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BIRMINGHAM: Perry Barr votes for neighbourhood plan

BIRMINGHAM: Perry Barr votes for neighbourhood plan

Credit: Jo Spencer

Perry Barr residents have voted overwhelmingly in favour of a plan to turn part of the ward into a “garden suburb” and address flooding risks.

A referendum was held yesterday on the Beeches, Booths and Barr (3Bs) Neighbourhood Plan – which was backed by 93 per cent of voters.

It will now become part of city planning policy, meaning principles such as restrictions around new plans to pave over driveways – a measure intended to reduce flooding risk – will come into force.

Some 1,200 people voted, with 1,116 voting for and 78 voting against with six spoiled ballot papers.

The plan roughly covers the area of the ward north of the River Tame and does not include landmarks in the south of the ward such as the One Stop Shopping Centre.

Principles of the plan include:

* Home-owners will be discouraged from further paving over of front gardens, thought to have contributed to flooding. Planning applications will have to show consideration has been made to address water run-off

* Improving the connections between Perry Park, Perry Hall Park, Turnberry Park and Kingsdown Park to boost usage

* Funding is sought to replant trees and new developments must include the planting of trees on the street and other spaces

* Improvement of shopping areas including around Tower Hill

Cllr Jon Hunt (Lib Dem, Perry Barr), who has helped develop the plan since 2015, said: “This is a huge vote of confidence in these proposals, developed by the local community for the local community.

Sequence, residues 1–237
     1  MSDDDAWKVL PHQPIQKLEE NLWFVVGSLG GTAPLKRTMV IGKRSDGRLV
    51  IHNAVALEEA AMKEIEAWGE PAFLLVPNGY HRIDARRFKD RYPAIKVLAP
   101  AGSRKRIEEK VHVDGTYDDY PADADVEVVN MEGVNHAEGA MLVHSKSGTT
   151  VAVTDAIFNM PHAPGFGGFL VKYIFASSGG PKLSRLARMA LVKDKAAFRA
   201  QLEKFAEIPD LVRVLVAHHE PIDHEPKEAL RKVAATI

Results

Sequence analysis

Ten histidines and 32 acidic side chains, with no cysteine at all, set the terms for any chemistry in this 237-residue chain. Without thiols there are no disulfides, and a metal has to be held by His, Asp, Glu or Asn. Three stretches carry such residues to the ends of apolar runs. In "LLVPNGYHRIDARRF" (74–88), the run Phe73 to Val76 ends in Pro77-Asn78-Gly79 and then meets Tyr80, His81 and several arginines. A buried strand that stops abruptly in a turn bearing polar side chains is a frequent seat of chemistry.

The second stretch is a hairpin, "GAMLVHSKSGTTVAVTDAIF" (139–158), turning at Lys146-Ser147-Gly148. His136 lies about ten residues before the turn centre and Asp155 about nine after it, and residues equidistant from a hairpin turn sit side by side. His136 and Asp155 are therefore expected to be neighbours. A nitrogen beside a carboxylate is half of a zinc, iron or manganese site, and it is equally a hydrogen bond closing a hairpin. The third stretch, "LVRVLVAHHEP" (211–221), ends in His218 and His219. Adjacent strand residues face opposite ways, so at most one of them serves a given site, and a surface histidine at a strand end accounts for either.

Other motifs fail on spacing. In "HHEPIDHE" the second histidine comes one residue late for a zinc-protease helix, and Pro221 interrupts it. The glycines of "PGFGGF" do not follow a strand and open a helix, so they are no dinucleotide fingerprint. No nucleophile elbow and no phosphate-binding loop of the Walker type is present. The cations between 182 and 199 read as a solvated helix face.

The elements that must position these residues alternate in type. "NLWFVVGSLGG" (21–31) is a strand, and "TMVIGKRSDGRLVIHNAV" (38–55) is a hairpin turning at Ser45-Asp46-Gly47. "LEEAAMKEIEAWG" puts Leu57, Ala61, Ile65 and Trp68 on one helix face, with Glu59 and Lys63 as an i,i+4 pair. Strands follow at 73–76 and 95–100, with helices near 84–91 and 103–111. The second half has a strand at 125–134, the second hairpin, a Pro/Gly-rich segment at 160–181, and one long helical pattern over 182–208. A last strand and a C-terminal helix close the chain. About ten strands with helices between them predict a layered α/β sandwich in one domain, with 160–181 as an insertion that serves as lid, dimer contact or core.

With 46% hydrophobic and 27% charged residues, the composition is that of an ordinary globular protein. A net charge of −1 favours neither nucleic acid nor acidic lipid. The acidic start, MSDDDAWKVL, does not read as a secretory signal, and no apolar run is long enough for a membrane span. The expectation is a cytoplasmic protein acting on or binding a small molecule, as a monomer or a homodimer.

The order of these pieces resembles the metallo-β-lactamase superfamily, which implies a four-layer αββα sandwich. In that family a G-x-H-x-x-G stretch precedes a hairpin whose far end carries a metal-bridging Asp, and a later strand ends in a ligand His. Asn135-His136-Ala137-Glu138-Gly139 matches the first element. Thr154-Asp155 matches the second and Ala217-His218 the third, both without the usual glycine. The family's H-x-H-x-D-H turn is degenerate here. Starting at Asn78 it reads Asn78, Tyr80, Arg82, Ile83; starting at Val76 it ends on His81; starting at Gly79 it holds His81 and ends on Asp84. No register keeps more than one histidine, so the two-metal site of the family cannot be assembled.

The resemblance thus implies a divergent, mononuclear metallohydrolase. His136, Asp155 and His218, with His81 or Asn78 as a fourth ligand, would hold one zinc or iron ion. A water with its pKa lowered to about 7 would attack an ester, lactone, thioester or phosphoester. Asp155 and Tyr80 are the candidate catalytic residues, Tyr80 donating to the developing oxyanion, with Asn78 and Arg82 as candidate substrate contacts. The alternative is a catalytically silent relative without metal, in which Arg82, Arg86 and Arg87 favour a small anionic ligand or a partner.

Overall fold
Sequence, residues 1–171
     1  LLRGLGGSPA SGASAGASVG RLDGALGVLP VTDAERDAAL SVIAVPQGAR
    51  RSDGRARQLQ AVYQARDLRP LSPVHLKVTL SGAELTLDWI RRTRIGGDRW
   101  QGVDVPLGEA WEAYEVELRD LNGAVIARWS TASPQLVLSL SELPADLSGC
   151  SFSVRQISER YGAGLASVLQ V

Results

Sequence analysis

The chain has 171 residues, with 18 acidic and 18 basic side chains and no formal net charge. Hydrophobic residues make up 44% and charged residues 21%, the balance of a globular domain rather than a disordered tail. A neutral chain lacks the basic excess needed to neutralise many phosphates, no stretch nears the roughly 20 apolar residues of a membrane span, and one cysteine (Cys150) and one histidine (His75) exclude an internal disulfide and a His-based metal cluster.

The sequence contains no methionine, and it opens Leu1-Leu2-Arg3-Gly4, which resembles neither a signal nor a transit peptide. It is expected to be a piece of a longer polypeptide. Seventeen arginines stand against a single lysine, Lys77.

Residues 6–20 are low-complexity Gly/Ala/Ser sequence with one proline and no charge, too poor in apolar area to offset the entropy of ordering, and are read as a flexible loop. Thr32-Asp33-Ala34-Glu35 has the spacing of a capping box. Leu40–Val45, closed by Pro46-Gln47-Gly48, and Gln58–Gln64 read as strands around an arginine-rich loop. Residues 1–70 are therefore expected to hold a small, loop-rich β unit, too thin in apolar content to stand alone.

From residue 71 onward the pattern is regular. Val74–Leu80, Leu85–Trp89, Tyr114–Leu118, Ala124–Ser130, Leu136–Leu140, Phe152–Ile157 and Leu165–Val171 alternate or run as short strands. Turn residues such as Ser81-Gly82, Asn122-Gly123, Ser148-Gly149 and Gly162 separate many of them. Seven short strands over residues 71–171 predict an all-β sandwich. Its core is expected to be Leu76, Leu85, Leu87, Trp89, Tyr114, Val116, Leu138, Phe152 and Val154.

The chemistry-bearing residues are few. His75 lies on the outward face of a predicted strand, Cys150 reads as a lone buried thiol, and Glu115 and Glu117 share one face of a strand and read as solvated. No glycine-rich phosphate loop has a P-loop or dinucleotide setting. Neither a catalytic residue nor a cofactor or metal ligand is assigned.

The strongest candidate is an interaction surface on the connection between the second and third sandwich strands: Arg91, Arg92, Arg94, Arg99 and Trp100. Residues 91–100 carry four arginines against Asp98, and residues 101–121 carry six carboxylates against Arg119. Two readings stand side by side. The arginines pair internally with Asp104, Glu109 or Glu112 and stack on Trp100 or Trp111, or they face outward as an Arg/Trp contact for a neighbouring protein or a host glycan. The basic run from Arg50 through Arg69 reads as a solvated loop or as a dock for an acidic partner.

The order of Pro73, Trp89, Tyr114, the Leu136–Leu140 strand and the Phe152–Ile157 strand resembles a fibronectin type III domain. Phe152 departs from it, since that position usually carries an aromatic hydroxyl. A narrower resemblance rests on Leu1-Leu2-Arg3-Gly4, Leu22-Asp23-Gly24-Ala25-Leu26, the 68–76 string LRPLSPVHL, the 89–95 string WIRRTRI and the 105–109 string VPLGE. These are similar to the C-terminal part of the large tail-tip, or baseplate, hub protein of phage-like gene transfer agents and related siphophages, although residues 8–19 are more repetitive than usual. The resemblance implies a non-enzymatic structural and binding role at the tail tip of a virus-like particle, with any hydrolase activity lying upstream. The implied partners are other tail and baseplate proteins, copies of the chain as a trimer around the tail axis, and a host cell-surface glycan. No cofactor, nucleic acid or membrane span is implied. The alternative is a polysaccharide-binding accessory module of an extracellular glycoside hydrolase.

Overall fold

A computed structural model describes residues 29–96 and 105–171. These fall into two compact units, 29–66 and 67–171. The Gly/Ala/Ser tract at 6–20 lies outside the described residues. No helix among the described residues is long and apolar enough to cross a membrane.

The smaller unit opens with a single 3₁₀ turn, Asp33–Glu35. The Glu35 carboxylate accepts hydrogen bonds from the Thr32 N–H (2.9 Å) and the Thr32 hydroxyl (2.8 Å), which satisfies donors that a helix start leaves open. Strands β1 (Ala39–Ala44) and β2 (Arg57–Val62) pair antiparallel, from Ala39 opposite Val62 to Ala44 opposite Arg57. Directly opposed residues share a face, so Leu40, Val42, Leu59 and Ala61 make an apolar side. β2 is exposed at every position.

“People in this part of the city have so often felt ignored in consultation – it is terrific that now the community is taking its future into its own hands.

“Can I thank those who took the trouble to vote on a wet autumn day and in particular those residents who have worked so hard on this project over the last five years?

“This part of Great Barr and Perry Barr has huge potential with amazing parks and gardens – it has also faced many problems dating back to its development in the 1930s and culminating in the big flood of 2016.

“Naming ourselves Birmingham’s first garden suburb sets out our hope that it will return to being a green and pleasant neighbourhood.

“There will be a lot of work to do now to make the plan a reality. We look forward to working with the planning department in doing this.”

Words: Mark Cardwell, Local Democracy Reporter

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